Ten Kāpiti artists are being featured at the New Zealand Art Show, held at TSB Bank Arena in Wellington over Queen's Birthday weekend from June 1-4.

The art show is New Zealand's largest sale of affordable art and is a place for emerging and established artists to come together under one roof in a dynamic and inspiring environment.

Featuring 250 artists this year, there is a selection process and "a lot of artists do get knocked back but there is always a good selection from Kāpiti", New Zealand Art Show regular and Kāpiti co-ordinator Rhonda Thompson said.

"It's certainly a marvellous show."

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Sculptural artist Vinny Thompson said, "It was the first art show that was like this.

"There are now a lot more shows like this in New Zealand but it is still very much a national show.

"You spend all year in your studio on your own and it's an opportunity to meet artists from all over New Zealand.

"It's really good exposure and it's interesting to hear feedback, get good publicity, and network with other artists and gallery owners."

The Kāpiti artists range from painters to sculptors, pencil art to encaustic painting, tile work to wood sculpture.

In the lead up to the show Kāpiti News met with the local artists being featured giving you an idea of what to expect on Queen's Birthday weekend.

Michelle Retimana crafts bronze sculptures. Having started in the 1970s back when pottery was in its heyday, following her dad's footsteps, Michelle has refined her art ever since inspired by contemporary and Māori influences.

Adele Souster paints realist landscape paintings. Giving up work a few years ago, Adele decided to paint for herself rather than what other people wanted. "You do commercial art for years and when you finally sit down to paint just what you want it's quite scary. There's no brief but there's no money either!"

Vinny Thompson works with clay, tiles and paint, creating sculptures and works of art on handmade tiles. Vinny was given a set of paints at the age of 12 and has been painting ever since. Having been a part of the art show for many years, this year her art features intricate sculptures of tuatara.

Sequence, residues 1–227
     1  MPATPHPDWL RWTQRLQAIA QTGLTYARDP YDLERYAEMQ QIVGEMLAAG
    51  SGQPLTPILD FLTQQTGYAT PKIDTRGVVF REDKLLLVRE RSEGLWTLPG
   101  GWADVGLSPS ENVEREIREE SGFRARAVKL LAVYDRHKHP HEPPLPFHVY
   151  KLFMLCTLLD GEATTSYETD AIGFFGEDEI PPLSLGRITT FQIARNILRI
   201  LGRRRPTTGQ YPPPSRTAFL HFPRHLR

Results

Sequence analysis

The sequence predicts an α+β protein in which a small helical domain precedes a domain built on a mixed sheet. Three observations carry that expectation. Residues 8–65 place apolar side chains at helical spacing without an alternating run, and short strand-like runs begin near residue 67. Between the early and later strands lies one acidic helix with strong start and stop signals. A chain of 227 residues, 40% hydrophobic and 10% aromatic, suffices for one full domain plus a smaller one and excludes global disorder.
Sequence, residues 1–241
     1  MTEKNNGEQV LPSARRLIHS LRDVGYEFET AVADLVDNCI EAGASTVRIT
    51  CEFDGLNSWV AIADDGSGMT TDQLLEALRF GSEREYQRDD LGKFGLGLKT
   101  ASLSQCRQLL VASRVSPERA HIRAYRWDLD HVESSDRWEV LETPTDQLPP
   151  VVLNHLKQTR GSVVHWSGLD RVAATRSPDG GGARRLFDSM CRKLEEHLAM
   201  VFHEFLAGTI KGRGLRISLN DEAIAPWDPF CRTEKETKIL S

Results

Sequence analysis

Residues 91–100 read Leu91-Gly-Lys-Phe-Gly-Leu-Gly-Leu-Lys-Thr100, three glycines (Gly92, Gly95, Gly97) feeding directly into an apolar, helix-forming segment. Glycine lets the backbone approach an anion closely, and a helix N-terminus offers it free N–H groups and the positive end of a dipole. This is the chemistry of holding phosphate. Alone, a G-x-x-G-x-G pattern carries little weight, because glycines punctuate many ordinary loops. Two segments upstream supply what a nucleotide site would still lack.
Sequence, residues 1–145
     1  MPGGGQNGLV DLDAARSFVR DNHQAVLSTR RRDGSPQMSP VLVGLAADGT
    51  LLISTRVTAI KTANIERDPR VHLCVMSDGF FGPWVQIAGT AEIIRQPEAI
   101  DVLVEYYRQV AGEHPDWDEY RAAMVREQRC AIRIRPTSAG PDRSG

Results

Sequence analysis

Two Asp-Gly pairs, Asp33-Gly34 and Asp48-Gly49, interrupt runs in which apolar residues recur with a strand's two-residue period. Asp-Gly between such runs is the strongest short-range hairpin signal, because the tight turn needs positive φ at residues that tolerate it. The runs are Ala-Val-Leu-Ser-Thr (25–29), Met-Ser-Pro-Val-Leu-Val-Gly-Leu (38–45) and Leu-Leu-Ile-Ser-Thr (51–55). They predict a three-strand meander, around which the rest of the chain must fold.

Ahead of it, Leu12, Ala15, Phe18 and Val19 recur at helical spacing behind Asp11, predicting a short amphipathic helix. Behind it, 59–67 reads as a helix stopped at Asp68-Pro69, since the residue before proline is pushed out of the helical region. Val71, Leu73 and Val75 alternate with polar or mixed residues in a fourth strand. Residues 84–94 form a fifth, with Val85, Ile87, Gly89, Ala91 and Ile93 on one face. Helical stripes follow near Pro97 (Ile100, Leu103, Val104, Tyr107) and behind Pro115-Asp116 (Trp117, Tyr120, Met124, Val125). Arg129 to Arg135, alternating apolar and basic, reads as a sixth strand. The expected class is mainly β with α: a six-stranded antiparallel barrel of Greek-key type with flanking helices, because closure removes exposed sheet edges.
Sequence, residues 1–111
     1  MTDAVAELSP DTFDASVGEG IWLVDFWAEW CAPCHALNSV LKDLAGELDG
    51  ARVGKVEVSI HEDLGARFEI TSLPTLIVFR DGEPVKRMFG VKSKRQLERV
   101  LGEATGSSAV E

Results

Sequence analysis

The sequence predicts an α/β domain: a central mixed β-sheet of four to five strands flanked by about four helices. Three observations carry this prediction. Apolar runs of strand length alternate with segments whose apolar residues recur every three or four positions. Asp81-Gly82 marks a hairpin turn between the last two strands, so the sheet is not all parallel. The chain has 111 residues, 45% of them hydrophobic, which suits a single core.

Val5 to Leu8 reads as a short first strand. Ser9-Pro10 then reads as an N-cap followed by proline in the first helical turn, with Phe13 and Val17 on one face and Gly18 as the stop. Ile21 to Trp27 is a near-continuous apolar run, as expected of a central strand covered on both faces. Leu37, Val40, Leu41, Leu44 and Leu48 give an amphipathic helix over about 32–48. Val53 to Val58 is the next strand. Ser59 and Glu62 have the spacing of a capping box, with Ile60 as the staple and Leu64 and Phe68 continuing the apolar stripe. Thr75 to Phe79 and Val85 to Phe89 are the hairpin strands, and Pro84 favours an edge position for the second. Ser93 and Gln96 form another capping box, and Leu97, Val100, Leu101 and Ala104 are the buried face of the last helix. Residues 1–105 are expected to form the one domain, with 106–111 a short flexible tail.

Natalie D'Cunha works with pencil creating drawings mostly of birds and nature. Being a busy person with a young family, this is Natalie's first time being featured in the art show.

Micheline Robinson uses ink and acrylic to create conceptual paintings. Using an idea, Micheline creates a number of works from the same concept with each painting being like a chapter in a book. Her works for the show this year question the felling of healthy mature trees in urban developments.

Rhonda Thompson produces stunning oil paintings using pallets and knifes, only using brushes for the smallest details. Having lived in Wellington for a long time, Rhonda often photographs scenes of Wellington Harbour on her trips into the city, painting from her home in Paekakariki. Having worked at Artel Gallery for a number of years, Rhonda retired so that she could spend more time painting.

Kate Elder creates wall hung sculptural work out of wood. Having studied sculpture at art school and worked as a furniture maker, Kate has combined the two together to create her dynamic art pieces. "The pieces play with concepts and can look different depending on the time of the day. They are more dynamic and look different depending on the light."

Kim Kobialko (Studio Reset) is an encaustic artist. She paints using beeswax and resin which adds texture and depth to images. Starting out as a photographer, Kim has explored many mediums and decided to commit to giving encaustic art a go. "I like this medium because it is organic and sustainable and can be sourced locally."

Ruth Cooper paints landscapes using acrylics on canvas. As a lifelong painter, Ruth's style has grown and changed over the years, "My canvases have grown bigger and I use wide brushes a lot more than when I started." She describes her style as moody, with a tendency to produce oversized mountains, trees and hills and enjoys creating a scene the viewer would like to wander into.